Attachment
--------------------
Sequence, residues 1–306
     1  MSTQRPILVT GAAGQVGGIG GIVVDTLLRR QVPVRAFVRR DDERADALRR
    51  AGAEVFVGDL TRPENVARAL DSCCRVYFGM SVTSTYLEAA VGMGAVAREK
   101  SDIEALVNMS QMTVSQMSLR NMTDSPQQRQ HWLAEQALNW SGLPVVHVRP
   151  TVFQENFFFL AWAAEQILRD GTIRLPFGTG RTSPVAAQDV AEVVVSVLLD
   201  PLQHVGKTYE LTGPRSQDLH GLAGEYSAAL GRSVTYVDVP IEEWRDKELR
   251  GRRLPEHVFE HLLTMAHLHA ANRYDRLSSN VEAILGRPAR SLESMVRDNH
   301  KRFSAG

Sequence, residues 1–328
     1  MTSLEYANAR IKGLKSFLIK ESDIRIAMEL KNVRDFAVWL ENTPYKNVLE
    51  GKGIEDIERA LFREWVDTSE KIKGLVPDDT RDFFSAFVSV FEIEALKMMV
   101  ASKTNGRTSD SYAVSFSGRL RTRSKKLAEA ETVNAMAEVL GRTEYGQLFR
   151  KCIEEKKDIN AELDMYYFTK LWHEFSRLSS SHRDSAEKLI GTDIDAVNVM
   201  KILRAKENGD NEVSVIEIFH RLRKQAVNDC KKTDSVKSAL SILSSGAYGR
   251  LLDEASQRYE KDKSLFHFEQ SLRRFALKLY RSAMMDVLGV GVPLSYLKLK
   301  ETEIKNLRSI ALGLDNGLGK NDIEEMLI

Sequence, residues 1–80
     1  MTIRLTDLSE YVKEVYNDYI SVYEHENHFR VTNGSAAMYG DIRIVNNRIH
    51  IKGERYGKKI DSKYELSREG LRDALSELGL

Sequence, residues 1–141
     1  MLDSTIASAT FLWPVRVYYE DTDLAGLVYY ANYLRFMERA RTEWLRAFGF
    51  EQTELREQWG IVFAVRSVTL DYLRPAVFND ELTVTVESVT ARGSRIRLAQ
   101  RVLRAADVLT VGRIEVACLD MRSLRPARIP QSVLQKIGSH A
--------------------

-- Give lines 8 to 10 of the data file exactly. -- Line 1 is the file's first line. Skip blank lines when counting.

   301  KRFSAG

Sequence, residues 1–328
     1  MTSLEYANAR IKGLKSFLIK ESDIRIAMEL KNVRDFAVWL ENTPYKNVLE